A one in a 30-year incident – 30 years in the making
In February 2020, the Queensland Coroner released his report into the tragic deaths of four people at Dreamworld in October 2016.
The report detailed the causes of the tragedy and also highlighted the apparent lack of, or ineffective risk assessments undertaken in the years leading up to the incident.
This is an excerpt of my upcoming e-book How and why the Dreamworld Coroner’s report demonstrates what is wrong with risk management.
After placing a risk management lens over the Coroner’s report, I was continually shaking my head with the constant references to risk assessments. The actual term was used 130 times throughout the report, but it was when I got to Paragraph 904 that I completely lost it. The paragraph stated:
“It was recognised by the experts that the TRRR had operated successfully and injury/fatality free for almost 30 years. As such, for a majority of its lifetime it seems that the general design and construction of the ride may have posed little risk to patrons. However, at the time of the fatal incident, the design and construction of the conveyor and unload area posed a significant risk to the health and safety of patrons”.
I can’t publish here what I wrote in the margin next to this paragraph, but those of you who know me can probably guess!!!!!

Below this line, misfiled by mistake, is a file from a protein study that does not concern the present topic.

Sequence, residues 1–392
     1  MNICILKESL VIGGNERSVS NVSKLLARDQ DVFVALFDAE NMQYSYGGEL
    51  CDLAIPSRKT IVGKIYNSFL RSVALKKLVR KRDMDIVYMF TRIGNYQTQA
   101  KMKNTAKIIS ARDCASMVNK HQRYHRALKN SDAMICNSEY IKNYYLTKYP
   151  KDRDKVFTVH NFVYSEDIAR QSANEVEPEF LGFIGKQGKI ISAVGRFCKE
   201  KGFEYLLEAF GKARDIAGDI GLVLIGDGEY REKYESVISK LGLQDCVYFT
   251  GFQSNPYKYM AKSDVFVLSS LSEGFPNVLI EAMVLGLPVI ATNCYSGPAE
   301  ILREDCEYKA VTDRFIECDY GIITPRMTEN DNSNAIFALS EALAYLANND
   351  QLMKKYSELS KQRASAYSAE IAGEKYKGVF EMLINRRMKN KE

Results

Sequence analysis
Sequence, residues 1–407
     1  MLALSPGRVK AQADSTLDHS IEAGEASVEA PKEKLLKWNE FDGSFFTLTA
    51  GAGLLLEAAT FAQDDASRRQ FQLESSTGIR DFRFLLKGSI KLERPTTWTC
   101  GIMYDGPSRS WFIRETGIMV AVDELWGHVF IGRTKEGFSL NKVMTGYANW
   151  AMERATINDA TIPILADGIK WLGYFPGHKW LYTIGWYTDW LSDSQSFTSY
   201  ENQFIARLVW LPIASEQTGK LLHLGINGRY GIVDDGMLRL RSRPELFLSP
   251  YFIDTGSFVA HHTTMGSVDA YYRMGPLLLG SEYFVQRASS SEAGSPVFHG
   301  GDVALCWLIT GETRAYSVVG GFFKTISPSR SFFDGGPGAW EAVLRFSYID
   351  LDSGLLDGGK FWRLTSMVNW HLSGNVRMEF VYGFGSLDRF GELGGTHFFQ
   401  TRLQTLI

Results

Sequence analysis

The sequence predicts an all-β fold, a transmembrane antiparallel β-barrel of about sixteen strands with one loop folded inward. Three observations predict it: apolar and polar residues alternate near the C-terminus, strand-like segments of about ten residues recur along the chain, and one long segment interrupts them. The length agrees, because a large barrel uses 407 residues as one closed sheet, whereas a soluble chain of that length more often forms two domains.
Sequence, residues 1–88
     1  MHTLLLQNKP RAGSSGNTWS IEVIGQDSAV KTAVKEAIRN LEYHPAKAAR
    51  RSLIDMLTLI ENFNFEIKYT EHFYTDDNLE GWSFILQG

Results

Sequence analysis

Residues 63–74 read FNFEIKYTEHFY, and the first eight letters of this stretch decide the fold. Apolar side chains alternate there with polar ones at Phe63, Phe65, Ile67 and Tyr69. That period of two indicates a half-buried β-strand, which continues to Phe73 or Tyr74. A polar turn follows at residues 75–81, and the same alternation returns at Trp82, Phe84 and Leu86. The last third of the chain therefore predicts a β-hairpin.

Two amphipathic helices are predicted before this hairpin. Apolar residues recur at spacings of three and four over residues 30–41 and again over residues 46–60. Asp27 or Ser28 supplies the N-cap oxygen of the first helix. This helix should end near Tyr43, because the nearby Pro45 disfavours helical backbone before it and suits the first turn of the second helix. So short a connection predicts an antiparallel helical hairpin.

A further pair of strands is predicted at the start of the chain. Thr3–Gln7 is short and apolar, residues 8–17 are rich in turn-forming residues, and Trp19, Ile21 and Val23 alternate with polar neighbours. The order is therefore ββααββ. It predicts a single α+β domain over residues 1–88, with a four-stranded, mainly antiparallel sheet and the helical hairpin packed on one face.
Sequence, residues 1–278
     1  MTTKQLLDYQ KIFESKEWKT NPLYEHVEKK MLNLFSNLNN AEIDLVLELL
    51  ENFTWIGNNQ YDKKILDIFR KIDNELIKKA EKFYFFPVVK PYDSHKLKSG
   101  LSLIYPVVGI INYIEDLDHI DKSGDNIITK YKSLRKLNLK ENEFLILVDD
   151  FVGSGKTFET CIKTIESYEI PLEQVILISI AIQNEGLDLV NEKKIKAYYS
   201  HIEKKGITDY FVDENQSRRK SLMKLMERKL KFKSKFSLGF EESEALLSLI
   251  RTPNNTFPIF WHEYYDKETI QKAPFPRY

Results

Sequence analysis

What a bewildering statement! And, given that “it was recognised by the experts” for me, demonstrates why risk management is absolutely broken – particularly when it comes to safety.
Let’s unpack this …….
- Firstly, injury/fatality is not the risk – it is a consequence.
- Secondly, the fact that no-one died or suffered injuries on the ride for 30 years, is not an indicator that the general design and construction of the ride may have posed little risk to patrons.
- Thirdly, the suggestion that it was only on that day that the risk existed is absolute nonsense!!!!
The notion that there was minimal risk until the day of the tragedy was further reinforced by evidence provided by experts during the inquest in respect to “low probability risks”.
One expert recognised that this particular incident was:
a ‘high risk, low probability incident, similar to an aircraft losing engine power or having to ditch in water’. This type of fault had seemingly not been experienced previously, although pump failure was not a new occurrence on the ride. [Paragraph 871]
Another expert stated:
“I can agree that low probability events can be difficult to predict, but I don’t think for a minute that anyone doing a risk assessment on that ride would not observe things which could be regarded as anything other than hazards.” [Paragraph 936]
Based on all of this you would reasonably conclude that everything up until that point had been rosy and that what happened in October 2016 was a complete anomaly that could not be forecast.
But that is not the case, and that is why I have written this White Paper.
The fact that so many people, including the experts believe this, highlights the very thing that is wrong with risk management across the entire world.
And at the root of all these issues is: the definition of a risk.
It may seem obvious but, fundamental to the effective management of any risk, is understanding what a risk is.